When will the killing end?
In the British Columbia town of Osoyoos, Mayor Stu Wells is requesting help from the provincial government: bigger guns.
In a recent report, Mayor Wells noted that his town is being overrun by Canada Geese and – much like the previous year with rabbits – he wants the province to offer more kill permits to handle the perceived problem.
This is a case of a Mayor reacting to what his constituents are telling him: there are too many geese. But reaction should always be a last resort. Instead, Mayor Wells – and his colleagues at the Union of BC Municipalities – should be asking the provincial government for better policy so they can be proactive.
For 300 years we have attempted to systemically eradicate many species from modern Canada. Despite the use of poisons, traps, military-grade weaponry and a cruelty only possible with human ingenuity, many of these species have thrived. Some, however, were not so fortunate. By listening to lore rather than current science, governments have made poor decisions. In some cases there was visible devastation by human interference (Yellowstone National Park) from which we are only barely recovering. For other species, we may never be able to truly fathom the destruction we have wrought.
But what we can learn from this cacophony of errors is that the past need not repeat itself. We have witnessed a combination of science and compassion result in safe, sustainable ecological communities (Niagara Falls, Stanley Park). We have seen municipalities build both ecologically and economically rich environments by embracing proactive plans.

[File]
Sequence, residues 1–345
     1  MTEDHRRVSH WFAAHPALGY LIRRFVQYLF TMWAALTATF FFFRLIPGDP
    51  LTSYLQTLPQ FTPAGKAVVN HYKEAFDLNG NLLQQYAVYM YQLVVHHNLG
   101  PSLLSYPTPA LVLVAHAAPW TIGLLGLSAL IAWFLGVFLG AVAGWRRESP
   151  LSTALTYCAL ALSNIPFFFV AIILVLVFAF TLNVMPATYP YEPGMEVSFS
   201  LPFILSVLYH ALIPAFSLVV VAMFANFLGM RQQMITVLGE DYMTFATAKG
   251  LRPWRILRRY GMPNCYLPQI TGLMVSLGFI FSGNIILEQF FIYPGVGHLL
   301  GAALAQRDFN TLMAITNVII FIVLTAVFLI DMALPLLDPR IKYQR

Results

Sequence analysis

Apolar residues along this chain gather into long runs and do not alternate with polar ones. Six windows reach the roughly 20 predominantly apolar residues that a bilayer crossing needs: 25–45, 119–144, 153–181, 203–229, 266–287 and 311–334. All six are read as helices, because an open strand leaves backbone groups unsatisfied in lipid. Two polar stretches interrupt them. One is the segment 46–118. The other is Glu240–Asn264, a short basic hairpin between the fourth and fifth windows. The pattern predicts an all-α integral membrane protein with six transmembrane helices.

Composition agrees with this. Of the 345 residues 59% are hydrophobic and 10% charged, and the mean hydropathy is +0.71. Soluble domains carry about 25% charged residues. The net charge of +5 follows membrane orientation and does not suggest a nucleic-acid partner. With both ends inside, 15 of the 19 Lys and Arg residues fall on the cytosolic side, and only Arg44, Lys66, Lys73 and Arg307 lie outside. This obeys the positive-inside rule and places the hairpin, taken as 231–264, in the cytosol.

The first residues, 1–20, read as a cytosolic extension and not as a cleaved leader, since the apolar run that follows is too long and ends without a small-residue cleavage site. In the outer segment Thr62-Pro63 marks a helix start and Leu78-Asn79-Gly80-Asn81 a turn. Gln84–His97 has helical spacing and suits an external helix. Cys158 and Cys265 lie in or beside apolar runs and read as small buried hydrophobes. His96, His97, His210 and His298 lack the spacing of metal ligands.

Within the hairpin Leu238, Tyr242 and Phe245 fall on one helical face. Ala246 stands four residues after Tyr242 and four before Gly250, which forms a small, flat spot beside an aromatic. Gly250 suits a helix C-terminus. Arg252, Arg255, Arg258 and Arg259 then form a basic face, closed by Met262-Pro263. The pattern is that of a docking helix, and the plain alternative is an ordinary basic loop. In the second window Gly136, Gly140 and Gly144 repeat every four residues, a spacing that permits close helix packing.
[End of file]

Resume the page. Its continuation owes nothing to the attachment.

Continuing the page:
This is what we think that the town of Osoyoos, the Union of BC Municipalities, and ultimately, the province of British Columbia, need to do. Every year they can kill animals they deem to be a nuisance. And every year, there will be another species they consider a nuisance. Because these government culls do not address the underlying issues that bring wildlife in close proximity with people and homes. They do not examine the available body of science to see solutions that are less costly and ultimately more successful. They react out of fear, out of misunderstanding. They kill because they think it’s the only option.
But we can prove that culling wildlife to ‘control’ it is not the only option. Killing is a choice. And it’s time for the leaders of British Columbia to decide: do they want to protect the animals they share their land with, or kill them?
Sign our petition to the municipal and provincial leaders of BC to have your voice heard.
Photo credit: Andreas Trepte, www.photo-natur.de
Read our news release here.